Many of the recommendations of the Charbonneau Commission align with the principles formulated in 2009 by the OECD in respect of achieving integrity in public procurement and the Charbonneau Commission’s recommendations as a whole reflect the OECD’s view that governments must develop tools to prevent corruption throughout the entire procurement cycle, and not merely the contract formation stage.52 Indeed, the Charbonneau Commission’s recommendations are formulated around five goals that reflect an attempt to take as comprehensive and broad an approach to the issue of corruption in the construction industry as possible. These are: (1) review the framework for the awarding and management of public contracts; (2) improve prevention and detection activities and strengthen sanctions; (3) protect political party financing from influence; (4) promote citizen participation; and (5) renew confidence in elected officials and public servants.

Critics have expressed the view that the various bills enacted by the Quebec government are not getting to the root of the problem or that some aspects of the bills aforementioned undermine their stated purpose.53 For instance, the whistleblower legislation established a Public Protector to whom information may be disclosed confidentially. However, in order to disclose that information publicly and attract the protection against reprisals provided under the legislation, the whistleblower must have ‘reasonable grounds to believe that a wrongdoing committed or about to be committed poses a serious risk to a person’s health or safety or to the environment’.54 However, other bills have been well received, including Bill 108, which creates a central authority for public procurement in Quebec. This legislation is expected to reinforce the oversight of public contracts and increase the level of transparency in the tendering and awarding processes for public contracts.55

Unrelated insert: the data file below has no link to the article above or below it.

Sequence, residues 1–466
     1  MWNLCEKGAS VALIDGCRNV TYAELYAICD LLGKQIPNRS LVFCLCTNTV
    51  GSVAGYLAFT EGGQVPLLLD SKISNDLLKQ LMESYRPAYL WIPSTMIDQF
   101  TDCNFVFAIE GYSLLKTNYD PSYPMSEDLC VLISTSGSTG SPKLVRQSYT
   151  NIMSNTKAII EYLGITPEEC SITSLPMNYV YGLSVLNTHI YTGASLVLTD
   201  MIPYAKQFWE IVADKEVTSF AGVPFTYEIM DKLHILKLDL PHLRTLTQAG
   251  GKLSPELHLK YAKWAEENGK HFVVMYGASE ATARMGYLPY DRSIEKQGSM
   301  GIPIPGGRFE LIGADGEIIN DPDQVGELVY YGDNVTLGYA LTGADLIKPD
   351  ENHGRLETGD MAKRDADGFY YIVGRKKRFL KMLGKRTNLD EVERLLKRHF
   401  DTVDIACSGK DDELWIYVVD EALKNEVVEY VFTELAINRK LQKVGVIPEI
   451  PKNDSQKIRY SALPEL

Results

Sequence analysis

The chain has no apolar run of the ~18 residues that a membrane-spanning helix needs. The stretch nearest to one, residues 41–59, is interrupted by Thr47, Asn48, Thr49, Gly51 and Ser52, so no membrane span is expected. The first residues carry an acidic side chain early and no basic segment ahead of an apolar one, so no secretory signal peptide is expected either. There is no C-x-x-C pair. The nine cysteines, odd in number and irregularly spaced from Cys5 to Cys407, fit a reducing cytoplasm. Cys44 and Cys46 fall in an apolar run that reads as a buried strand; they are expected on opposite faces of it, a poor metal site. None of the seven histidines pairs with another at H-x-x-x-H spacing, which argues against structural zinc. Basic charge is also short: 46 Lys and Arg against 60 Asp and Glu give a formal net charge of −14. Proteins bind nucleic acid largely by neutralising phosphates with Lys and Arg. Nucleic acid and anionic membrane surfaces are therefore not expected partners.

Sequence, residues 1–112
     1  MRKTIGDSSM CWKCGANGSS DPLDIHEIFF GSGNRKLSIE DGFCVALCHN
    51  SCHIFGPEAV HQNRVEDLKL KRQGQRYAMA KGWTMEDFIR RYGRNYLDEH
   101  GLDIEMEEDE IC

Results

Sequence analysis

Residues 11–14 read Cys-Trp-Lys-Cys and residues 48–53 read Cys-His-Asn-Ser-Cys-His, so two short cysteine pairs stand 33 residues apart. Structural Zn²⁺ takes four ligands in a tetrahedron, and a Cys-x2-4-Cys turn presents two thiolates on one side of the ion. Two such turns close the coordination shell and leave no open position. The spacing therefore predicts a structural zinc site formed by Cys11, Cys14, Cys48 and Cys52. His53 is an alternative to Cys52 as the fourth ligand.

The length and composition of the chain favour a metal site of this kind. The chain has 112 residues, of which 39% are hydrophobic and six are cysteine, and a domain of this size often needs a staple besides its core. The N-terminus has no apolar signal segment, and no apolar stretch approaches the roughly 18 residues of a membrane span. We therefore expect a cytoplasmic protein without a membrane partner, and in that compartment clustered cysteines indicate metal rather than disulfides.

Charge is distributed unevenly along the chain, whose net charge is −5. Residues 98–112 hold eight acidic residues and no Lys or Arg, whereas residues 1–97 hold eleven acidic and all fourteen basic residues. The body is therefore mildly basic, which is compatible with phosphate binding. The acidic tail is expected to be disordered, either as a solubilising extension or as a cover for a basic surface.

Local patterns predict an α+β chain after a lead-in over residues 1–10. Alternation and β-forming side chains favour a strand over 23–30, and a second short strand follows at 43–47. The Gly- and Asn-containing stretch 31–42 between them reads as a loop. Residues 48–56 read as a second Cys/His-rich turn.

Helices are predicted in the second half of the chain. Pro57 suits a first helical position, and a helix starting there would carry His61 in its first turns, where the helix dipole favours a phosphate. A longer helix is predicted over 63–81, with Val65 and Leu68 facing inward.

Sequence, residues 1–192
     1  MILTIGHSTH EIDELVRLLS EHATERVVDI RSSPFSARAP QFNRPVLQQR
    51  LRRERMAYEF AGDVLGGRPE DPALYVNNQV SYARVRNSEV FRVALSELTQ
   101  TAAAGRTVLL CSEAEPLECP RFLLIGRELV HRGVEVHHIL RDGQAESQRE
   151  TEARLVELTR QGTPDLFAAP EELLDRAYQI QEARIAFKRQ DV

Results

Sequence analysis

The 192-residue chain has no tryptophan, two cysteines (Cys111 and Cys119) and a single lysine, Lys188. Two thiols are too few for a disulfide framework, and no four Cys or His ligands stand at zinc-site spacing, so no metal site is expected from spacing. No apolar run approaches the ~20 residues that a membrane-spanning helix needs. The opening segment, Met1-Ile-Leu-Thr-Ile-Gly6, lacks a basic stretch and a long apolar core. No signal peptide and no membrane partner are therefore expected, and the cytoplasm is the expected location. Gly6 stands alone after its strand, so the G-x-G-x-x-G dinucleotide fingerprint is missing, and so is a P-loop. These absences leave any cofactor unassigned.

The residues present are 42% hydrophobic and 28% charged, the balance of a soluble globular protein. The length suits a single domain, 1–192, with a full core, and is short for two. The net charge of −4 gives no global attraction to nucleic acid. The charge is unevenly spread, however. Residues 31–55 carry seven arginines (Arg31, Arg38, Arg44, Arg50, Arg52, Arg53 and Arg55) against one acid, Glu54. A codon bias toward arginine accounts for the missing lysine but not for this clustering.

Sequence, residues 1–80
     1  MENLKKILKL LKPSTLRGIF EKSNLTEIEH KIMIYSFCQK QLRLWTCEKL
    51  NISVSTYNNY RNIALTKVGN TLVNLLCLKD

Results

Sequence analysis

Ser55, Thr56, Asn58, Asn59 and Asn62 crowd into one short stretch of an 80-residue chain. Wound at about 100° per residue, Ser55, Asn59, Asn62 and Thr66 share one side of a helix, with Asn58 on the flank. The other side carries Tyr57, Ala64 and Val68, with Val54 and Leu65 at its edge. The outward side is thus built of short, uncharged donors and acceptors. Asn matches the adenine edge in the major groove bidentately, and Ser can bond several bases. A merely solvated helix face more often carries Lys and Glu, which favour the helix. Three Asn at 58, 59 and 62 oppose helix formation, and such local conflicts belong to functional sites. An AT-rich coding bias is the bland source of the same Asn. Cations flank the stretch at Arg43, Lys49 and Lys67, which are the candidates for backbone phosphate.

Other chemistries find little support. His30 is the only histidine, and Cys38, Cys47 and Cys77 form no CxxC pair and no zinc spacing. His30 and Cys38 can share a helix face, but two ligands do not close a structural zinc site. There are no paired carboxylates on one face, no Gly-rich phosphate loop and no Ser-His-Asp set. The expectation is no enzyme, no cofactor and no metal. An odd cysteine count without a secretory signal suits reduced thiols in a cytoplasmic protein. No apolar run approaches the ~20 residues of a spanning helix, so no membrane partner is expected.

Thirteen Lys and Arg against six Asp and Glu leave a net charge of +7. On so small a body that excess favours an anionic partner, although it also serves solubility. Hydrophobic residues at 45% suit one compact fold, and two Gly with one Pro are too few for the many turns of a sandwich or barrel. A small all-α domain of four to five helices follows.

Although it has yet to be seen whether the above legislative enactments will have the intended effect on the Quebec construction industry, it seems fair to say that the Quebec government has expended significant effort to follow through with the Charbonneau Commission’s recommendations, and it will be interesting to see the extent to which corruption risk is lessened as a result.

Legislation is expected to reinforce the oversight of public contracts and increase the level of transparency in the tendering and awarding processes for public contracts.



1 Transparency International (a non-profit, non-governmental organisation dedicated to fighting corruption) contains a wealth of information on corruption around the world, including country-specific reports outlining recent developments in respect of legislative enactments and enforcement actions accessed 2 June 2018.

2 See accessed 2 June 2018.

3 OECD, OECD Foreign Bribery Report: An Analysis of the Crime of Bribery of Foreign Public Officials (OECD Publishing, 2014) accessed 2 June 2018.

4 Ibid, 10.

5 The Charbonneau Commission is officially called the Charbonneau Commission of Inquiry on the Awarding and Management of Public Contracts in the Construction Industry.

6 OECD Convention on Combating Bribery of Foreign Public Officials in International Business Transactions (17 December 1997) entered into force 15 February 1999 accessed 24 June 2019.

7 SC 1998, c 34 accessed 2 June 2018.

8 CFPOA n 8 above at s 2 (Definitions), s 3 (the offence of bribing a foreign public official) and s 4 (the accounting offences). The CFPOA uses the Canada’s Criminal Code definition of ‘person’, thus providing for corporate liability under the act.

9 Both the bribery offences and accounting offences carry a maximum penalty of 14 years’ imprisonment, and there is no upper limit on the fines that can be imposed in relation to offences under the CFPOA.

10 RSC 1985, c C-46 accessed 2 June 2018.